A Preliminary Analysis of Equivalence-Based Instruction to Train Instructors to Implement Discrete Trial Teaching
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Methods to efficiently train instructors to implement evidence-based procedures with children diagnosed with developmental disabilities have been a prominent interest in educational and clinical settings. Behavioral skills training (BST) is frequently recommended and includes four components beginning with instruction. In most studies, the instruction component consists of giving the trainee the protocol for the procedure later to be trained. Recently, researchers have included more robust instructional components, which have produced acquisition without requiring the additional components of BST. The current study evaluated the use of equivalence-based instruction with embedded modeling to teach four instructors to implement discrete trial teaching. All instructors emitted class-consistent responding to untrained relations following equivalence-based instruction, and two participants demonstrated high levels of fidelity on discrete trial teaching probes. The remaining participants required a brief, three-trial model of DTT before mastery was observed on these probes. Our findings suggest that including a more robust instruction during BST may increase the efficiency of training instructors to conduct discrete trial teaching.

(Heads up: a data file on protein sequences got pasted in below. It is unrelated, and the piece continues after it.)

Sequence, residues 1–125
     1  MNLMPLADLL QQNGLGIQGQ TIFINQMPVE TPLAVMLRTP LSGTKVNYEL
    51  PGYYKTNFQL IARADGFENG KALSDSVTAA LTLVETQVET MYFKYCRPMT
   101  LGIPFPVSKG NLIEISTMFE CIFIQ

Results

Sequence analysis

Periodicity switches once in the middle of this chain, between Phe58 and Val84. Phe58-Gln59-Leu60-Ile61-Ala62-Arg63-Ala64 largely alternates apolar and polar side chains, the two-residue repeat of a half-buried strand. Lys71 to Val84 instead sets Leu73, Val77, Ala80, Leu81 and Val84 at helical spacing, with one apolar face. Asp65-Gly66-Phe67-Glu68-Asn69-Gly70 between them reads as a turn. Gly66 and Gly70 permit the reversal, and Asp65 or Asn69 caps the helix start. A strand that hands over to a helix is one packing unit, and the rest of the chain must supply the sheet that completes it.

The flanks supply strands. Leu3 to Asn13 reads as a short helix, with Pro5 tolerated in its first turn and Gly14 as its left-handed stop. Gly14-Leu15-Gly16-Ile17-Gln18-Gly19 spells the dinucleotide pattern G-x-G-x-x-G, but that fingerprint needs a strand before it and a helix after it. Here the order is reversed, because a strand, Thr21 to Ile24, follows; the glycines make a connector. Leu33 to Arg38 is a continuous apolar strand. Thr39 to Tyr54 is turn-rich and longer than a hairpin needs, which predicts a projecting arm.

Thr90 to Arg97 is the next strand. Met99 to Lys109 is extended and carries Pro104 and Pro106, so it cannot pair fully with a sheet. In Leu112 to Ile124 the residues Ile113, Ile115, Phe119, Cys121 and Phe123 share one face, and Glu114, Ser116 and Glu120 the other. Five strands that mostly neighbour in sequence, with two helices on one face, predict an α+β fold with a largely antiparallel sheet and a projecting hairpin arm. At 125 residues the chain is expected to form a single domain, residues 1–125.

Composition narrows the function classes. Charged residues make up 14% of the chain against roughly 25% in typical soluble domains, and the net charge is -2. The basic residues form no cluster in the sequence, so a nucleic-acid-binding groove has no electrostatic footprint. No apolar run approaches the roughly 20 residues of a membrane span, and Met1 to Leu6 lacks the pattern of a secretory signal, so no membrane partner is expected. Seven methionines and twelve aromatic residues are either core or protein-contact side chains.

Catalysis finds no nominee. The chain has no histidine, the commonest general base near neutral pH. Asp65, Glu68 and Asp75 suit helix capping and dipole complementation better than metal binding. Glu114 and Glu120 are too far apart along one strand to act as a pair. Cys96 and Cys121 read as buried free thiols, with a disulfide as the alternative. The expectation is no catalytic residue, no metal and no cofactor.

KeywordsBehavioral skills training Equivalence-based instruction Discrete trial teaching Stimulus equivalence
This study was not funded.
Compliance with Ethical Standards
Conflict of interest
All authos declare that they have no conflict of interest.
All procedures performed in studies involving human participants were in accordance with the ethical standards of the institutional and/or national research committee and with the 1964 Helsinki declaration and its later amendments or comparable ethical standards.
Informed consent was obtained from all individual participants included in the study.
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